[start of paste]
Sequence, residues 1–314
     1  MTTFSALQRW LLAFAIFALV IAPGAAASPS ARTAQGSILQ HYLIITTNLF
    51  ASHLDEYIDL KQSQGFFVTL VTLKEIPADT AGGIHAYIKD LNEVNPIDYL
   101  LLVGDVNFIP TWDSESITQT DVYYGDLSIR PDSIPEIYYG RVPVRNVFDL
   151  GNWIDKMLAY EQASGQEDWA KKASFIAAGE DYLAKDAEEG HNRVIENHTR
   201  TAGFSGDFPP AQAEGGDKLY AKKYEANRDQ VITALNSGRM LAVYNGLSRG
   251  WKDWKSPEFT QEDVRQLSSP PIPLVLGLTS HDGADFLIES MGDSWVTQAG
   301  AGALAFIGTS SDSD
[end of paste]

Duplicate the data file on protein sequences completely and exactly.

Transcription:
Sequence, residues 1–314
     1  MTTFSALQRW LLAFAIFALV IAPGAAASPS ARTAQGSILQ HYLIITTNLF
    51  ASHLDEYIDL KQSQGFFVTL VTLKEIPADT AGGIHAYIKD LNEVNPIDYL
   101  LLVGDVNFIP TWDSESITQT DVYYGDLSIR PDSIPEIYYG RVPVRNVFDL
   151  GNWIDKMLAY EQASGQEDWA KKASFIAAGE DYLAKDAEEG HNRVIENHTR
   201  TAGFSGDFPP AQAEGGDKLY AKKYEANRDQ VITALNSGRM LAVYNGLSRG
   251  WKDWKSPEFT QEDVRQLSSP PIPLVLGLTS HDGADFLIES MGDSWVTQAG
   301  AGALAFIGTS SDSD